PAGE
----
Pigment cells contain screening pigments which are determinants of eye color in insects. The red-colored screening pigments of eyes of the fly permit stray light to photochemically restore photo-converted visual pigments. Many insect species have dark-colored eyes, with distinctly featured color patterns. A large variety of flies and butterflies were studied by the pioneer Entomologist Stavenga, D. G., to bring forth physical and functional aspects of eye colors in insect color vision [22]. The yellow pigment granules located in photoreceptor cells act like the pupils of the eye which control the light sensitivity and adjust it accordingly. The eyes of most insect possess black screening pigments which protect the photoreceptors from stray light entering the eyes of insect. Eyes of tabanid flies are strongly metallic in color, due to the multilayered cornea. Such corneal patterns are seen in golden green eyes of deer fly, Chrysops relictus. The sensitivity spectrum of photoreceptors with green absorbing rhodopsin is narrowed due to reduction in orange green color transmission of the corneal lens. In contrast, the spectral sensitivity of proximal long wavelength photoreceptors is enhanced by the tapetum in eyes of butterflies and regularized by the pigment granules lining the rhabdom [55]. Kim and colleagues [24] reviewed the peculiarities of the Drosophila spp. red-eye pigments and their genes and enzymes involved in its biosynthetic pathway. The retina of the adult tobacco hornworm moth Manduca sexta contains three visual pigments, namely, a green sensitive rhodopsin and smaller amounts of blue sensitive and ultraviolet sensitive rhodopsins. Similarly, White and coworkers [63], studied seventeen stages, each stage representing of one to two days of chronological age in the morphological system of Manduca sexta. Progressive maturation of the retina in ultrasections was monitored to measure rhodopsin in sections of the retina, and electroretinograms were recorded from stages 8–17.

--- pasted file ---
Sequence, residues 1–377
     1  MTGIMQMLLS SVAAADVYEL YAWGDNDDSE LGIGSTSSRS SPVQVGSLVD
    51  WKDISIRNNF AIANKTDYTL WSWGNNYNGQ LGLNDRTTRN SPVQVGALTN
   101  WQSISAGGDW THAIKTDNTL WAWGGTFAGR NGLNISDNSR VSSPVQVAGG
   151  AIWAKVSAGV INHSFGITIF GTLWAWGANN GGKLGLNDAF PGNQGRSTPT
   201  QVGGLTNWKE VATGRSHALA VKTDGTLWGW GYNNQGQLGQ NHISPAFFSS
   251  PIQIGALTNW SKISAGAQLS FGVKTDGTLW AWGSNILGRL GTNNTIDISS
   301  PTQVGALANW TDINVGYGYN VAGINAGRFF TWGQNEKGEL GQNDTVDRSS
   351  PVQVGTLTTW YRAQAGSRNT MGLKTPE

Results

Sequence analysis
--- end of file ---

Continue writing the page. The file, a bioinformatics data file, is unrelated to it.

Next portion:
3.1. Papiliochromes and pterins

Papiliochromes and pterins both present in the ommatidia of eyes in insects are synthesized from amino acids tyrosine, tryptophan, and guanosine triphosphate (GTP), respectively. Chemochromes make the insects attractive by providing striking colors to their appearance and provide functional benefits for the commercially important insects [3].

3.2. Visual pigments of the fruit fly

The vast amount of information available on the fly visual system provides a detailed information regarding other insect species [8]. When light quanta hit upon the visual pigment molecules of the eye, any insect is able to visualize. Hamdorf [26] measured the number of microvilli in the rhabdomere of a blowfly and concluded that a microvillus contains well over 1000 visual pigment molecules, such that, a photoreceptor is made up of approximately 2×108 visual pigment molecules [26]. Stavenga and Smakman [27] measured the visual pigment content of Blowfly RI6 photoreceptors in order to determine their spectrum and polarization sensitivities within a particular wavelength range. It is seen in flies that self-screening increases the spectral sensitivity whereas relative UV sensitivity is lowered when the visual pigment content is high. However the electrical response remains unaffected by the amount of visual pigment [27].